White Rose University Consortium logo
University of Leeds logo University of Sheffield logo York University logo

Psychodynamic group music therapy with profoundly learning disabled residents and their carers : developing a theory and practice for the realisation of therapeutic aims for residents and the acquirement of therapist's skills by carers.

Agrotou, Anthi (1998) Psychodynamic group music therapy with profoundly learning disabled residents and their carers : developing a theory and practice for the realisation of therapeutic aims for residents and the acquirement of therapist's skills by carers. PhD thesis, University of Sheffield.

[img]
Preview
Text
575159.pdf
Available under License Creative Commons Attribution-Noncommercial-No Derivative Works 2.0 UK: England & Wales.

Download (34Mb) | Preview
[img] Video
575159_video.zip
Available under License Creative Commons Attribution-Noncommercial-No Derivative Works 2.0 UK: England & Wales.

Download (737Mb)

Abstract

This thesis explores psychodynamic group music therapy with institutionalised, profoundly learning disabled residents, while introducing a novel way of including carers in the music therapy sessions. It is based on a detailed analysis of one case-study consisting of three residents, four carers and myself as the music therapist. Based upon theories from psychoanalysis, the dissertation firstly explores the inner world of learning disabled people and how this is affected by a traumatic early environment and institutionalised care. It then discusses the musical and psychological concepts that delimit this work. The particular way in which the carers participated in the music therapy treatment is then analysed, drawing from the theories of attachment and object relations. The case-study that follows is a detailed analysis of sessions or extracts from sessions spanning a period of three-and-a-half years. The thesis studies the methodologies and techniques that facilitated the following development in the group: a) Though at the beginning the patients functioned within an autistic type of isolation, they evolved into individuals who expressed their needs for human intimacy, creative exploration and autonomy; b) The carers shifted from being emotionally unresponsive to functioning as auxiliary music therapists; c) The music therapy setting became the ground for the evolution of life attachment bonds between the patients and the carers of the group. This music therapy setting included a particular way of perceiving, understanding and responding to the patients' sounds, based on the principle that any sound or non-verbal signal is meaningful and forms part of a patient's unconscious association to the phenomena in the group.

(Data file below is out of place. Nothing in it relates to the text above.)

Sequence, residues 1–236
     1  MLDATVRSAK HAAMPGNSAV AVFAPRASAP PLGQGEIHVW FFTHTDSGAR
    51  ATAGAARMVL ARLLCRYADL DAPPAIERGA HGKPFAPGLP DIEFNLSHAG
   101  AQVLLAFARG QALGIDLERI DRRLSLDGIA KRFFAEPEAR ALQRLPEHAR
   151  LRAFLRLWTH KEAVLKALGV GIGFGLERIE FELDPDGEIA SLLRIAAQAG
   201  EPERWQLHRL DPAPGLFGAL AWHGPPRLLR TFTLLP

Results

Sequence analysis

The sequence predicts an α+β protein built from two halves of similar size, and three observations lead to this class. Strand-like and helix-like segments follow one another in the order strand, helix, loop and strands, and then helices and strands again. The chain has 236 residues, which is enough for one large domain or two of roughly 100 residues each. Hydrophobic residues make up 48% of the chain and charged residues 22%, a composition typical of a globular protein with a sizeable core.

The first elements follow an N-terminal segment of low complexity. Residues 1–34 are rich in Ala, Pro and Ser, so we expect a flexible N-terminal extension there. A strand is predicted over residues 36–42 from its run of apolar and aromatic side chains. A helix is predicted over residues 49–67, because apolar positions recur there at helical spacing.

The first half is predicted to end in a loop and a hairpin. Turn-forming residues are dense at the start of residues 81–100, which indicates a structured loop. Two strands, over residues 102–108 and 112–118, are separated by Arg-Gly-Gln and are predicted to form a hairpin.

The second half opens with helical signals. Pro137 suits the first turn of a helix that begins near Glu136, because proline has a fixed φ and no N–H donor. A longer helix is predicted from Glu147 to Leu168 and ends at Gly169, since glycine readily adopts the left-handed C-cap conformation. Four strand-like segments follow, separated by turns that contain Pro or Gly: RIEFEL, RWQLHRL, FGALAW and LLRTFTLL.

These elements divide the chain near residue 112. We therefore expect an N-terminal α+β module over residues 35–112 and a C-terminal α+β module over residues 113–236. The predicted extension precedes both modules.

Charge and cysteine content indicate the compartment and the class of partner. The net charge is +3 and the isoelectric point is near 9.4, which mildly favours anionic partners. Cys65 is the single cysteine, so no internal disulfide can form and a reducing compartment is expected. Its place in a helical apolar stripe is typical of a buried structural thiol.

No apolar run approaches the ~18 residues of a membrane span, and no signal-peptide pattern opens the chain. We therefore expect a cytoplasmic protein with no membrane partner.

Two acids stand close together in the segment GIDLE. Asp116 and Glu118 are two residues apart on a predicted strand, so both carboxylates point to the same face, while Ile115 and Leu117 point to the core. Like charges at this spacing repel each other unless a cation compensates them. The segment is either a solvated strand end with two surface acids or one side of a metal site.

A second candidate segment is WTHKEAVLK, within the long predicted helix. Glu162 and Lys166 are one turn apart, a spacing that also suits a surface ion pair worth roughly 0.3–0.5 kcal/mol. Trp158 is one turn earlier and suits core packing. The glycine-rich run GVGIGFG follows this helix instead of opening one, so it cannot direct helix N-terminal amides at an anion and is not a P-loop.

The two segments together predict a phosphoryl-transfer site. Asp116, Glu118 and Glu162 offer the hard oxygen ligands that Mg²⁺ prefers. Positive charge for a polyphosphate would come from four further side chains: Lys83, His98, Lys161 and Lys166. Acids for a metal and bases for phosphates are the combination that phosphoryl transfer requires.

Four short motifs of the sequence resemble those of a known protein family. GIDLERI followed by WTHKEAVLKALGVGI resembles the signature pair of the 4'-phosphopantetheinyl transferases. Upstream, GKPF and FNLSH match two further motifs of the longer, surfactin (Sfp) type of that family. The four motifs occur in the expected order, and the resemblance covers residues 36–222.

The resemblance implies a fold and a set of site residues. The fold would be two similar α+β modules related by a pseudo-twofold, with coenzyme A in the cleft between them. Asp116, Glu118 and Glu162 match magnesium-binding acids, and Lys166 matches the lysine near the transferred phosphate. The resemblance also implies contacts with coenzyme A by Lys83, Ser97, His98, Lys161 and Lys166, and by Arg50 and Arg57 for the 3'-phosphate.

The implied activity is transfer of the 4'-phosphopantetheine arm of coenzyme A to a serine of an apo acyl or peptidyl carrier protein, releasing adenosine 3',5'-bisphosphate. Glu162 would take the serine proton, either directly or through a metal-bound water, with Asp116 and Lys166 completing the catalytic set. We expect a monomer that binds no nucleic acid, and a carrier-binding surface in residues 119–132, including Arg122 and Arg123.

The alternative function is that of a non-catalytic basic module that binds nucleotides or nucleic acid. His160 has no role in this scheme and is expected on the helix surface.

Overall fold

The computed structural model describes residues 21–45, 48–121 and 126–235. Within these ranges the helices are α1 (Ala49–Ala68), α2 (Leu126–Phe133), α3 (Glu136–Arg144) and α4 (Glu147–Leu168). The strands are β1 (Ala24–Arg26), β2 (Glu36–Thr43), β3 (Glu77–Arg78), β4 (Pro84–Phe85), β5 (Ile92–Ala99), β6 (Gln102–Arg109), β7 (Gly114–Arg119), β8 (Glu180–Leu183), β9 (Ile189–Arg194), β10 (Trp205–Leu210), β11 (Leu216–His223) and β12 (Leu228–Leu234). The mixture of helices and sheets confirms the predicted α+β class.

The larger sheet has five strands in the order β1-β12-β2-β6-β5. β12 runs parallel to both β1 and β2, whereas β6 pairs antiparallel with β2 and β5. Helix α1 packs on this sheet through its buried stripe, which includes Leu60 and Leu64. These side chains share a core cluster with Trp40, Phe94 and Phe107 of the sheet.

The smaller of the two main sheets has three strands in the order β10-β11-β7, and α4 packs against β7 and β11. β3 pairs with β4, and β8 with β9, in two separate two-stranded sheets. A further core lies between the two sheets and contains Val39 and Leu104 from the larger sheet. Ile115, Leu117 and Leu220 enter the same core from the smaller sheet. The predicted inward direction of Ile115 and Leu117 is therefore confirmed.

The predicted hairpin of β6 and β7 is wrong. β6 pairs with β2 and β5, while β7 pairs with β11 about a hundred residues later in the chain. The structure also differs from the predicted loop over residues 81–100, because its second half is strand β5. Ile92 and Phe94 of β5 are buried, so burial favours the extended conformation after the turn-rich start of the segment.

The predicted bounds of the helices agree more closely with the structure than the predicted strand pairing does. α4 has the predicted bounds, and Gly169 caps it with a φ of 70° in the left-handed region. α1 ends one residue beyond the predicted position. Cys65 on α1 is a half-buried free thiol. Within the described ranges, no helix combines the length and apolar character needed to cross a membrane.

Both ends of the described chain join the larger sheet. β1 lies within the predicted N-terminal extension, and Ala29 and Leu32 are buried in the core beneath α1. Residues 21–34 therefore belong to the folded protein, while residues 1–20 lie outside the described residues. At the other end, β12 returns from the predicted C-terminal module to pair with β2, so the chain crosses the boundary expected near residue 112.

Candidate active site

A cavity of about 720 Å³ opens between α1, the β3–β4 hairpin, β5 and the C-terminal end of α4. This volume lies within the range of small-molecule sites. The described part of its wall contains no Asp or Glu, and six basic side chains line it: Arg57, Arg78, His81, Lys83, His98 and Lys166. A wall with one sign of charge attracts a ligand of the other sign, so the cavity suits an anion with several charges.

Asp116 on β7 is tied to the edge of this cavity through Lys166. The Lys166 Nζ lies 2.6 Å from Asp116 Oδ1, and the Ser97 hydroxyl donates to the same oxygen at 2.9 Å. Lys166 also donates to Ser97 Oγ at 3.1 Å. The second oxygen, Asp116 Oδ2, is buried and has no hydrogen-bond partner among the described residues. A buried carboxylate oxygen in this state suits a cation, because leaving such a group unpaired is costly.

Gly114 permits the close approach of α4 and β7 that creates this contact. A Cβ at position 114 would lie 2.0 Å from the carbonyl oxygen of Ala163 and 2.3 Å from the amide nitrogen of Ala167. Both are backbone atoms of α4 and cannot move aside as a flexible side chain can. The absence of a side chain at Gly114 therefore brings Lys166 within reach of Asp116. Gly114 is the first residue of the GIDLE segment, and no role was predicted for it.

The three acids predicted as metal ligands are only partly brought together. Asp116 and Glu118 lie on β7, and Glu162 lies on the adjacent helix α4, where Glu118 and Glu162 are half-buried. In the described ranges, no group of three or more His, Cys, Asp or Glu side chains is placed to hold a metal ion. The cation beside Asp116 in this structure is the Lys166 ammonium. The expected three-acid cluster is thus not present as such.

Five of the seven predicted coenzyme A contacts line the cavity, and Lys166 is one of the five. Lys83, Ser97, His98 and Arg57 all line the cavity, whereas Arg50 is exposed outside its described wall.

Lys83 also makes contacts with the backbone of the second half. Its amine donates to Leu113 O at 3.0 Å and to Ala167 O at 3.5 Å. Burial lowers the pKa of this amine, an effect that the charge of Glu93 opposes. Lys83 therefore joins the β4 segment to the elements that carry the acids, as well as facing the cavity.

Item Type: Thesis (PhD)
Academic Units: The University of Sheffield > Faculty of Arts and Humanities (Sheffield) > Music (Sheffield)
Identification Number/EthosID: uk.bl.ethos.575159
Depositing User: EThOS Import Sheffield
Date Deposited: 17 Sep 2019 08:29
Last Modified: 17 Sep 2019 08:29
URI: http://etheses.whiterose.ac.uk/id/eprint/14662

You do not need to contact us to get a copy of this thesis. Please use the 'Download' link(s) above to get a copy.
You can contact us about this thesis. If you need to make a general enquiry, please see the Contact us page.

Actions (repository staff only: login required)